I'm a Chronically Ill 'Fear Expert.' Here's Why I'm Uniquely Prepared for COVID-19.
I didn’t sleep much last night. The coronavirus (COVID-19) updates that had been swirling about my news feed were now swirling around in my head. For those who don’t know, the coronavirus is a new-to-humans viral strain in the coronavirus family that affects the lungs and respiratory system.
Everywhere my mind turned, I saw disaster. I worried for my own health as a chronically ill 57-year-old and my husband’s health as an overworked small business owner. Then there was the business, itself. If we survived the virus, would we be left with nothing? And what about our sick and elderly loved ones?
This morning I went to the grocery store. It was bustling – crowded with uneasy customers scrambling to stock up ahead of the virus. When I reached the cashier, I saw she was near tears.
“I need to go home,” she muttered. “The stress, the stress – it’s too much stress.”
I understood then how universal my own fears were. This virus is a blow, and the whole world is taking it hard. And it occurred to me, too, that we – the chronically ill – know all about blows, having already endured more than most. This is not new territory for us. In fact, it may be our time to shine.
We’ve already survived a disaster. It’s not fair, I suppose, but if you’re reading this and you have a chronic condition, you already know a few things. You’ve learned the hard way about grief and loss. You’ve learned that life can be very unjust, and that its injustice will be invisible to many. Whether we like it or not, we understand the shortcomings of our medical system, the illusion of economic security, the limitations of love. We also know the value of a good friend, the beauty in a pain-free moment, the importance of living for now. We know what it means to face daily sickness and pain, and even how to keep ourselves busy during solitary weeks and months. That’s strength, and whether or not you feel it, if you’re still here, you have it. Despite our suffering, we’ve chosen life again and again. A shock like this pandemic can shake others in a way that it can’t shake us. We know that life can change in an instant, we’ve experienced it, and we have the tools to deal with it.
We know how to function while afraid. I was reading an essay on the coronavirus crisis by Rabbi Dr. Shmuly Yanklowitz, and was surprised when one of his tips was “be afraid.” Yanklowitz advises readers to “hold the fear,” but also to “own it, refine it, control it.”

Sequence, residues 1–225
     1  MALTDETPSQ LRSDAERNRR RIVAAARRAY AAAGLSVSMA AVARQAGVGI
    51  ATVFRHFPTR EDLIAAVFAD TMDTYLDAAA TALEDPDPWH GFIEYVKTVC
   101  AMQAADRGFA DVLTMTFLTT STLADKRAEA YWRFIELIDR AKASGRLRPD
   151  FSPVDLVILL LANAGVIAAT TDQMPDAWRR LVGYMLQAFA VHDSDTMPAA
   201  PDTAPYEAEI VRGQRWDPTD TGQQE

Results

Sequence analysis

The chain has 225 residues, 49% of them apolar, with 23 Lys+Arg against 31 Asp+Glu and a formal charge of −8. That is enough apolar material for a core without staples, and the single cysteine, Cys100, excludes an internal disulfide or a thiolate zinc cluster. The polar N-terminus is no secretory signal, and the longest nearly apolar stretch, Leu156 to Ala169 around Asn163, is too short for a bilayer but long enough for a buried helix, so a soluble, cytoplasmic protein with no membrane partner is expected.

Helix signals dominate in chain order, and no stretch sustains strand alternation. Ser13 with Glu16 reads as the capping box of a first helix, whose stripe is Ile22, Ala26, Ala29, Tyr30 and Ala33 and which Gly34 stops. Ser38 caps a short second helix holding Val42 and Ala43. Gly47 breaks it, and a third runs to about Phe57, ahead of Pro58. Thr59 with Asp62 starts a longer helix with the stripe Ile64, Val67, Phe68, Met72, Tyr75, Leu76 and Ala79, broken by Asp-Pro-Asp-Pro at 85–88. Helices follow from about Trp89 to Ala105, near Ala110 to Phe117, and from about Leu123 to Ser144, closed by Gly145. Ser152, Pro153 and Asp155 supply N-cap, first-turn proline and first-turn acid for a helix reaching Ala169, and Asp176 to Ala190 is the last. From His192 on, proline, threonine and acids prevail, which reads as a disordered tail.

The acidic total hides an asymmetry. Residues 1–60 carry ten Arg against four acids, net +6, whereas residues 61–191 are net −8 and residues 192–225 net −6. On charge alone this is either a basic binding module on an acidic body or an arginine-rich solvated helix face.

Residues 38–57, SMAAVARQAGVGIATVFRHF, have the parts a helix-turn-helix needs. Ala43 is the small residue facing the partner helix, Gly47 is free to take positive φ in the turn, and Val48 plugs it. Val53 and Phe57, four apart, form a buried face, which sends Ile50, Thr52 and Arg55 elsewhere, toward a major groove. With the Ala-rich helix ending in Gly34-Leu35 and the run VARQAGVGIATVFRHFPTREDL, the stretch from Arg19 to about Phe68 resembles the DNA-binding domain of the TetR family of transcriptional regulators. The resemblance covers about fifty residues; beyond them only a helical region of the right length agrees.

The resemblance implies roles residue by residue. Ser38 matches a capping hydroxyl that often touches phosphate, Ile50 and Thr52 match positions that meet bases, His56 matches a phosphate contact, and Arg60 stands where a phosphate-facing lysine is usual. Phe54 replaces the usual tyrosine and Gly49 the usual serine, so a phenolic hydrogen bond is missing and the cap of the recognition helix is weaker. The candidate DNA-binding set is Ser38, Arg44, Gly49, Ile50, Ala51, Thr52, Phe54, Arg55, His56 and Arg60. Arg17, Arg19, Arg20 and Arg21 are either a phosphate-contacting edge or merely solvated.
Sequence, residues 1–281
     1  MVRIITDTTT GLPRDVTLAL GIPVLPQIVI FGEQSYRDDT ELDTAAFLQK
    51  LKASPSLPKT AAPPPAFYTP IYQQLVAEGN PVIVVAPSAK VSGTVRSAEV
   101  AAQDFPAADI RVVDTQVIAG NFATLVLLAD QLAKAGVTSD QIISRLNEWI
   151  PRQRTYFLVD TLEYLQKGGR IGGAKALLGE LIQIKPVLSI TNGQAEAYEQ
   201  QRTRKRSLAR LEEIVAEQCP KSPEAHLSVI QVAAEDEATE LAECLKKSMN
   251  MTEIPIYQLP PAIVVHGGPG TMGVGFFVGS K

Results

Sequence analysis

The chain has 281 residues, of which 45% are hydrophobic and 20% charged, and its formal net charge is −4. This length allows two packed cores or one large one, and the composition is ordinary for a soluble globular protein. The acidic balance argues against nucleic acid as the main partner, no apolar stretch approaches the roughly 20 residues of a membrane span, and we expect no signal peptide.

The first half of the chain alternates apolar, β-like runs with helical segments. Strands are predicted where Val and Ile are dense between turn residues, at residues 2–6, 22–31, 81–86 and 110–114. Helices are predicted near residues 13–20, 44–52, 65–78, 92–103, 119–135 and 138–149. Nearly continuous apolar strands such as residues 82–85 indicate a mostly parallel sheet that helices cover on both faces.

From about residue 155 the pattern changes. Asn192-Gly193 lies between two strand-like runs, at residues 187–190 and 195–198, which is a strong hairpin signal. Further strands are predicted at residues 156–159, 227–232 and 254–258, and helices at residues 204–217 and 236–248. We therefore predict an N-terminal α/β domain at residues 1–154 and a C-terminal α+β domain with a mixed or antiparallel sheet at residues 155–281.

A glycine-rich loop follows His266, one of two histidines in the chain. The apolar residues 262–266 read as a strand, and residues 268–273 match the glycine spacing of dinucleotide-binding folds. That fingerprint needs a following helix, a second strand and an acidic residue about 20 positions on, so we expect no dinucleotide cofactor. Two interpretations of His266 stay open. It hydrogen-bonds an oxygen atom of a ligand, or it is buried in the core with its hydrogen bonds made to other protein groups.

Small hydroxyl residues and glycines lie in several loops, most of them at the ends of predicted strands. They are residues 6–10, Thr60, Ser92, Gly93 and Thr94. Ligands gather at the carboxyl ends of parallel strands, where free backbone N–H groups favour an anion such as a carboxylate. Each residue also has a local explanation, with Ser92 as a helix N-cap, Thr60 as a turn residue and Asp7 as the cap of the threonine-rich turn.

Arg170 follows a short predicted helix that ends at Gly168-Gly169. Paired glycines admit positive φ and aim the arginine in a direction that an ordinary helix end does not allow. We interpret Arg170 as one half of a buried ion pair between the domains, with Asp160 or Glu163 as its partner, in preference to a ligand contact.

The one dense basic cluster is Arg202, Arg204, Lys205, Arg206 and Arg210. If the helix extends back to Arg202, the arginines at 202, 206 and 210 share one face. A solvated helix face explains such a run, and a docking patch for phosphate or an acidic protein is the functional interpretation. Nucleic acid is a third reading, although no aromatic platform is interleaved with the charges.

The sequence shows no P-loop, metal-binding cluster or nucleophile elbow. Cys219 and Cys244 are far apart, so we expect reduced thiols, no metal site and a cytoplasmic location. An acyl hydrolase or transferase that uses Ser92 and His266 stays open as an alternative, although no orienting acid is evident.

I have a lifelong relationship with fear. If I were a dog, I’d be a chiweenie – loyal and good-natured, but shaking and peeing myself at every new experience. Last night while I was struggling to sleep, my limbs were stiff with tension, my muscles ready to explode – to fight or flee – until I was both frustrated and afraid. I knew that with my particular disease, this release of adrenalin was bad news, and would result in an exacerbation of illness – not great.
Then, twisting in my sheets, I thought of my own little chiweenie, Birdie. When she’s trembling with fear – because she’s going to the vet, or to the pet store, or someone starts a vacuum cleaner – it’s a purely physical response. Birdie has no control over it, and it’s not connected with her reasoning. I, too, was having trouble controlling my body’s fear response. But I did have a working mind, and my experience with chronic illness has taught me to trust it more than my unreliable body. In the end, I found I could accept my body’s fear without letting my mind join the party, and I slept.
We, the chronically ill, have learned to keep our fears in check through unexplained sickness, terrifying diagnoses, an unresponsive health care system and cataclysmic life changes. We have, whether we realize it or not, found ways to cope with, wade through, and survive our fear. Not everyone is so prepared.
We know what the world needs right now. The terrified cashier I encountered told me that it wasn’t the virus that frightened her, but the chaos, the panic, the breakdown of society – she looked around packed store, “All this.”
I felt a rush of compassion. Unlike my cashier, I did have reason to fear the virus – I know that when they talk about “the elderly and already ill,” they’re talking about me. But my sick life has inured me to disorder, change – even my own mortality. Not everyone can tap their experiences in the same way, and they’re struggling deeply right now.
When I was young, I learned about the sinking of the Titanic, and wondered how those doomed passengers felt as they watched their fate rush toward them. I decided that if I ever faced such a moment, I didn’t want to be the sort who’d knock down a child to take their life jacket, or steal a place in the lifeboats. Instead, I wanted to be the type who encouraged others, eased their fears. I wanted to be like the Titanic’s band members, who played until the end to keep passengers calm. I remember hoping that, when my proverbial ship went down, I’d be able to look up at the heavens, wink, and whisper, “So this is how it’s going to be.”
This pandemic, more than anything else in my lifetime, feels like that moment. In his book, “Man’s Search for Meaning,” Holocaust survivor Viktor Frankl writes, “Ultimately, man should not ask what the meaning of his life is, but rather he must recognize that it is he who is asked.”
So who am I? Who are you? Will we knock others down for a roll of toilet paper? Will we risk spreading disease to keep up the pretense of normalcy? Or will we become the helpers, lifting others up, speaking comfort to loved ones, offering kindness to strangers? Because if we, the chronically ill, understand anything, it’s that there’s more to life than health, prosperity or security. We know, from experience, that an act of kindness can save a life.
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GettyImages photo via ZOONO3